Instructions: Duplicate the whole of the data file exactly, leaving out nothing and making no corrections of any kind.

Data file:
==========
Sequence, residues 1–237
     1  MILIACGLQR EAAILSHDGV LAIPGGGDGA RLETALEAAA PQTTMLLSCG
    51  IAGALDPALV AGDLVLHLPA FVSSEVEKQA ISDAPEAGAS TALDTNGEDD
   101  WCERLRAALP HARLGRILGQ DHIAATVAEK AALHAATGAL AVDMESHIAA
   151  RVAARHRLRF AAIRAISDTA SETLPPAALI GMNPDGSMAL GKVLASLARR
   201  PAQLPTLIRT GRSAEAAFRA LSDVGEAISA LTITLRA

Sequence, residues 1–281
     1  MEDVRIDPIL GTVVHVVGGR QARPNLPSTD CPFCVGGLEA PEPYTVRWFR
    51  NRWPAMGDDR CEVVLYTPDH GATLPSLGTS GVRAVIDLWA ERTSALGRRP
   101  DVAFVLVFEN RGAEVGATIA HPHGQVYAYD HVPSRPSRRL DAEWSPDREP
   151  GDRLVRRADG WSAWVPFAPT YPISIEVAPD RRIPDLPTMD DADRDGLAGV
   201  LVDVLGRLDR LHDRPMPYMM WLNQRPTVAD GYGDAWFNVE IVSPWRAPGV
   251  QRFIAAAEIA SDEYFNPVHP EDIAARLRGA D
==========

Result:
Sequence, residues 1–237
     1  MILIACGLQR EAAILSHDGV LAIPGGGDGA RLETALEAAA PQTTMLLSCG
    51  IAGALDPALV AGDLVLHLPA FVSSEVEKQA ISDAPEAGAS TALDTNGEDD
   101  WCERLRAALP HARLGRILGQ DHIAATVAEK AALHAATGAL AVDMESHIAA
   151  RVAARHRLRF AAIRAISDTA SETLPPAALI GMNPDGSMAL GKVLASLARR
   201  PAQLPTLIRT GRSAEAAFRA LSDVGEAISA LTITLRA

Sequence, residues 1–281
     1  MEDVRIDPIL GTVVHVVGGR QARPNLPSTD CPFCVGGLEA PEPYTVRWFR
    51  NRWPAMGDDR CEVVLYTPDH GATLPSLGTS GVRAVIDLWA ERTSALGRRP
   101  DVAFVLVFEN RGAEVGATIA HPHGQVYAYD HVPSRPSRRL DAEWSPDREP
   151  GDRLVRRADG WSAWVPFAPT YPISIEVAPD RRIPDLPTMD DADRDGLAGV
   201  LVDVLGRLDR LHDRPMPYMM WLNQRPTVAD GYGDAWFNVE IVSPWRAPGV
   251  QRFIAAAEIA SDEYFNPVHP EDIAARLRGA D